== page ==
Authored by Mr. Richard H. Havermale Jr.This book is the continuation of my first book based on more than 365 references in the Bible to fear, dread, and that in fact our God encourages us to "BE NOT AFRAID". To do this we must be in the presence of our Lord and talk to Him. I recommend you develop the habit of spending 10-15 minutes a day with our Lord in the Blessed Sacrament Chapel or if that is not available some other quiet place where you can be in the presence of our Lord. Read the daily entry and reflect on it asking our Lord and His mother to talk to your heart and reveal to you the will of the Father and then Do it. The layout of this book is to list and reflect on the books of the bible Sirach through Revelations. In the early part of September my search of the verses dealing with fear and being afraid was completed; so I asked the Lord what do I, do now. After some reflection I realize that the fruit of fear in the Lord is the Theological virtues of Faith, Hope and Love which ultimately results in Peace of the Lord. As a consequence the month of September will deal with Peace, October with Love and the month of November will be reflections on Faith and Hope. After Thanksgiving for the season of Advent and Christmas this work uses a multitude of references that reflect the Christmas season. There are many theologians who state that the eighth deadly sin is fear itself. It is fear and its natural animal reaction to fight or flight that is the root cause of our failings to create a Kingdom of God on earth. Saint John Paul II in his writings and talks also tells us to BE NOT AFRAID. In fear or anger we walk away from God. Our Lord, Jesus Christ taught us how to walk back toward God in His sermon on the mount through the Beatitudes. Each of the beatitudes is the antidote for the opposite deadly sins.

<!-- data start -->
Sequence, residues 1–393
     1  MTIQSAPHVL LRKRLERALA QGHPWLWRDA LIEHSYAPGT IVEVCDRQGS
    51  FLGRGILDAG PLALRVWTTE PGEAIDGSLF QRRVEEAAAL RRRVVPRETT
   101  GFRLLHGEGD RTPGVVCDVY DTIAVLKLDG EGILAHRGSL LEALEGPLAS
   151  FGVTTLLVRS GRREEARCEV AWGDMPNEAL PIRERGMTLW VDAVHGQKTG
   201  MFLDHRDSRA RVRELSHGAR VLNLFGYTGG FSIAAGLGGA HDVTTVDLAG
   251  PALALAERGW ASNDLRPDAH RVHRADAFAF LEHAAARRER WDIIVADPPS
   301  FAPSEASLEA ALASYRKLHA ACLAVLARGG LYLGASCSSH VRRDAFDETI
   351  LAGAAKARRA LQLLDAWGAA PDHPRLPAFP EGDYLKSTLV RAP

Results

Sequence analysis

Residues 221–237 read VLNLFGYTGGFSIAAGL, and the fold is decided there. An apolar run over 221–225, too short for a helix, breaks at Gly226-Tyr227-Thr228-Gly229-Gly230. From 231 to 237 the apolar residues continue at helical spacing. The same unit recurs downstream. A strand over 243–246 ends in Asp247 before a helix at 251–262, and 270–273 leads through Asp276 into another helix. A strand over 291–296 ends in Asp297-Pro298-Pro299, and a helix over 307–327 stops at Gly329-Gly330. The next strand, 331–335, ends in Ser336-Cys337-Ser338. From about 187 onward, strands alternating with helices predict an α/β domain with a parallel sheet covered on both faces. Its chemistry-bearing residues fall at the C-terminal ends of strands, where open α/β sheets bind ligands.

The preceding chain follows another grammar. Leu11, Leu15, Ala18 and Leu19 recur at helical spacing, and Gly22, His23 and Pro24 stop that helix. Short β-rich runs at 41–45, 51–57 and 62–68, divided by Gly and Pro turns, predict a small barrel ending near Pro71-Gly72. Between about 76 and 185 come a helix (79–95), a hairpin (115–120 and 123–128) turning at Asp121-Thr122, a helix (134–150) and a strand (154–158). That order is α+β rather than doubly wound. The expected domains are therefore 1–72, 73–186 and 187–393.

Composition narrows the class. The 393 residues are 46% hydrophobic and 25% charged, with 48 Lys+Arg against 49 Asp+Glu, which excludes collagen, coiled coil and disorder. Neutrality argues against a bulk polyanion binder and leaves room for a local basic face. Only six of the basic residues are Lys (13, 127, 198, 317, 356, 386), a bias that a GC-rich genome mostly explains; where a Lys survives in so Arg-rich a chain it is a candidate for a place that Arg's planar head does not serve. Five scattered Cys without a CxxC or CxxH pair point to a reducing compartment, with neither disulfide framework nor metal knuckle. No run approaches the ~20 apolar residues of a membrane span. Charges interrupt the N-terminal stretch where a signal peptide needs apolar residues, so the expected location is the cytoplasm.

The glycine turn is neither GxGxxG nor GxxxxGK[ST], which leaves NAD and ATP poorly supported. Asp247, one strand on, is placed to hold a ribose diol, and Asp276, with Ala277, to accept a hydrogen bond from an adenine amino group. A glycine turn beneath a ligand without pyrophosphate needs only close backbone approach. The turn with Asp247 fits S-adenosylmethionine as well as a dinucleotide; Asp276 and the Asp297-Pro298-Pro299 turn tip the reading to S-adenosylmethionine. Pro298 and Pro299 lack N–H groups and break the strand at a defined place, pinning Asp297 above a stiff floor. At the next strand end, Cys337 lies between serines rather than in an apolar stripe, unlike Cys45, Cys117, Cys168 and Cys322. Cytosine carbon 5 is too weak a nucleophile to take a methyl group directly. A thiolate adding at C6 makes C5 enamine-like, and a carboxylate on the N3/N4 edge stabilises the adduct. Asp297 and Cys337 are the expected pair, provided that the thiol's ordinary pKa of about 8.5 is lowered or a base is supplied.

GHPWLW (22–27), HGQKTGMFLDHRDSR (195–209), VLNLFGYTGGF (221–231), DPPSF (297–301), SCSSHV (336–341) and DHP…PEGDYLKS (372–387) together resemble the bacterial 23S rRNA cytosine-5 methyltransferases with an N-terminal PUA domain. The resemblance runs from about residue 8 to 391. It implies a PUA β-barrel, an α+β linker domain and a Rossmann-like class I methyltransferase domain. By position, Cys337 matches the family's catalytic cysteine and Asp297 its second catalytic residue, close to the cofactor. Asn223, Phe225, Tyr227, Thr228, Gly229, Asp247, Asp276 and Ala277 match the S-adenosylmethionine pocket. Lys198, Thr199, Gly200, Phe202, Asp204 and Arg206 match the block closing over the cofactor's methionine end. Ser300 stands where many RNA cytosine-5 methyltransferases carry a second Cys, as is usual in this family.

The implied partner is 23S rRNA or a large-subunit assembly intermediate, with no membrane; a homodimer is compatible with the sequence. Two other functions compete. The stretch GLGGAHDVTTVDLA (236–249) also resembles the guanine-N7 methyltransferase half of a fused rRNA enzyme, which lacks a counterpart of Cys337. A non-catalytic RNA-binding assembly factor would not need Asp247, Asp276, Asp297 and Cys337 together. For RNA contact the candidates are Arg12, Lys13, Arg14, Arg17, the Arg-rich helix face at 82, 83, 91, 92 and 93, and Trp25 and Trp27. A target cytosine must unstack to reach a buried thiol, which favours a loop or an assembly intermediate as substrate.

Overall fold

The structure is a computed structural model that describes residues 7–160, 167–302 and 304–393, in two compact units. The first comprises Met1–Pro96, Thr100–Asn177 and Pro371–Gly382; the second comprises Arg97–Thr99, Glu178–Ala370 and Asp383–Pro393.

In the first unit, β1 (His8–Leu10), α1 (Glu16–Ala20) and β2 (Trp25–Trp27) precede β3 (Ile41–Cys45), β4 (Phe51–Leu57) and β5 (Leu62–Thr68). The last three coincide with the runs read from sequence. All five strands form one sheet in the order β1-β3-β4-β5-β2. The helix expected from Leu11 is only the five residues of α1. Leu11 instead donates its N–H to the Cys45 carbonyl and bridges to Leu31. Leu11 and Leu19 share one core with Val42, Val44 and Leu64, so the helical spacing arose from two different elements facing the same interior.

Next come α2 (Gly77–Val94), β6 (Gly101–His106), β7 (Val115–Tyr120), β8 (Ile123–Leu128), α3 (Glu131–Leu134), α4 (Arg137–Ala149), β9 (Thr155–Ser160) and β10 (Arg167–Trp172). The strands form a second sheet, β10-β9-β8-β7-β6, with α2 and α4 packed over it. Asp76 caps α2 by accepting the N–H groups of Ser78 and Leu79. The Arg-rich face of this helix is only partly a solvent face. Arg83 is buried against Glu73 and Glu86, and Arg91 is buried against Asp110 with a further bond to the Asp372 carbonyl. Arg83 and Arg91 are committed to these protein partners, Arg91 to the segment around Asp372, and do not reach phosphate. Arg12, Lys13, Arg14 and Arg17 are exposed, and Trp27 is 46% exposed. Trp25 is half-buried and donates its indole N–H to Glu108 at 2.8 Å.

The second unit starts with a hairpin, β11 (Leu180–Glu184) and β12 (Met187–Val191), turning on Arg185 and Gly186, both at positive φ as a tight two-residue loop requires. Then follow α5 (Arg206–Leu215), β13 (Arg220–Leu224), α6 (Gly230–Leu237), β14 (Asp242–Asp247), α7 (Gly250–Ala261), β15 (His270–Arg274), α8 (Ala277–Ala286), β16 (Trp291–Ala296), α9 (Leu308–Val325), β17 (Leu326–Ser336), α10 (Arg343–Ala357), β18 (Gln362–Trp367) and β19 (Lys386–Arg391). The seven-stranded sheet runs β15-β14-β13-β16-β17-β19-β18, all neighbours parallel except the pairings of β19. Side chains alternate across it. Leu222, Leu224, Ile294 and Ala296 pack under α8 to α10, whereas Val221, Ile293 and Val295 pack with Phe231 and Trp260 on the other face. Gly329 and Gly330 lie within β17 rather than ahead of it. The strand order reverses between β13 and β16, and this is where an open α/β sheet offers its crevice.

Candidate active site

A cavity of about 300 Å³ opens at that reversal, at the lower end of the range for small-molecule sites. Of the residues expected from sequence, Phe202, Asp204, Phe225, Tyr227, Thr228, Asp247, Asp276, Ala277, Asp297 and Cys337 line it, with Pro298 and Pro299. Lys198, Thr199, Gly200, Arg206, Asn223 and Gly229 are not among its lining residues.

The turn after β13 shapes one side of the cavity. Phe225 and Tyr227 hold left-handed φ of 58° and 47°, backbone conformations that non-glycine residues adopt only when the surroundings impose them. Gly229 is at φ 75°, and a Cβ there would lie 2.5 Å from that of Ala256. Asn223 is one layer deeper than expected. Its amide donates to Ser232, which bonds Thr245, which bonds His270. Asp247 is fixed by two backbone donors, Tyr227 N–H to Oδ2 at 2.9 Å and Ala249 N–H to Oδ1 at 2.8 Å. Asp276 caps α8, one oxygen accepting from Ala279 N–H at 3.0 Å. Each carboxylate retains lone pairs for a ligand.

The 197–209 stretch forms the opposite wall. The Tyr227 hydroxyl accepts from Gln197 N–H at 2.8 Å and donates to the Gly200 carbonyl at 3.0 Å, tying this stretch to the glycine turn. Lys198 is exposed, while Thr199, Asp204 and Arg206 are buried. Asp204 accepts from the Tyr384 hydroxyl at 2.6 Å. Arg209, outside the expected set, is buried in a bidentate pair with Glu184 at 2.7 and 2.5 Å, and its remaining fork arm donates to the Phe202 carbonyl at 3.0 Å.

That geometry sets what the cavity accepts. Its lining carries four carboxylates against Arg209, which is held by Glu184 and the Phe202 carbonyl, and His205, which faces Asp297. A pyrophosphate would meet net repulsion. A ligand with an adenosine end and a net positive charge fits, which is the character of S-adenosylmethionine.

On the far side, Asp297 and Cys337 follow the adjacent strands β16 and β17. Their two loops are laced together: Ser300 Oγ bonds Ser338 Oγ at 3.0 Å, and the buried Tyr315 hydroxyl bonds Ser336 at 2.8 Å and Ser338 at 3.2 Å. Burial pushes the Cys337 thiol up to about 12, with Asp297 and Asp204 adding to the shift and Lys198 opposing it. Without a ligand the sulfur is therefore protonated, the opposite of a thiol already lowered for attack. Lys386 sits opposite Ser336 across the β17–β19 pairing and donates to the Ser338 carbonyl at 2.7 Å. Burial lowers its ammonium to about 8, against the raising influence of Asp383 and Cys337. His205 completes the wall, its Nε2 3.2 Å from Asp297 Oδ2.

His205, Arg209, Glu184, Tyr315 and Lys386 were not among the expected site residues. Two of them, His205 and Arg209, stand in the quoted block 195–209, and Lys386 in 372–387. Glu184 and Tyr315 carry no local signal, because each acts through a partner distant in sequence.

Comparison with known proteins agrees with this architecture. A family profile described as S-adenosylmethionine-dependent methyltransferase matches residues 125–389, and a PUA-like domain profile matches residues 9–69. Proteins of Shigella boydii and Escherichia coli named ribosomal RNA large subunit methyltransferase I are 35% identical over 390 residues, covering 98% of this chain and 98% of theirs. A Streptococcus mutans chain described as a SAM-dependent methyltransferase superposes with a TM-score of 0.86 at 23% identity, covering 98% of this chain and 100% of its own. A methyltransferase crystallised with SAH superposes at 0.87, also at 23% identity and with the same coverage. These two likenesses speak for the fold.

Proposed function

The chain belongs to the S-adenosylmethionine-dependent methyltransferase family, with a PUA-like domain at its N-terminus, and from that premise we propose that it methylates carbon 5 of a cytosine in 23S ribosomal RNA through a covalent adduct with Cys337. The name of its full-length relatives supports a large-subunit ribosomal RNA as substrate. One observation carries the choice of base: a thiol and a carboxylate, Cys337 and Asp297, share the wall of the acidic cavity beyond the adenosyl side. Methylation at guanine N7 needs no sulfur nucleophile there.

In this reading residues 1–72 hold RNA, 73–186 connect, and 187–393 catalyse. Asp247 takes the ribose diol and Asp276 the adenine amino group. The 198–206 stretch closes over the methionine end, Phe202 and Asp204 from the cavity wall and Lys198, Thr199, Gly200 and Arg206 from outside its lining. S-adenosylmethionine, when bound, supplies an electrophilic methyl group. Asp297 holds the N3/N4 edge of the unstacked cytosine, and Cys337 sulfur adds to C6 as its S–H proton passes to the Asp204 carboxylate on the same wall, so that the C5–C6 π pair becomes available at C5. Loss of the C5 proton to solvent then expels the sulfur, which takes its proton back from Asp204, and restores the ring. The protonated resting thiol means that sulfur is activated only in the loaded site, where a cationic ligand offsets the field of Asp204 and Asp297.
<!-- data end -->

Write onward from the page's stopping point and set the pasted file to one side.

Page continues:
Post a Comment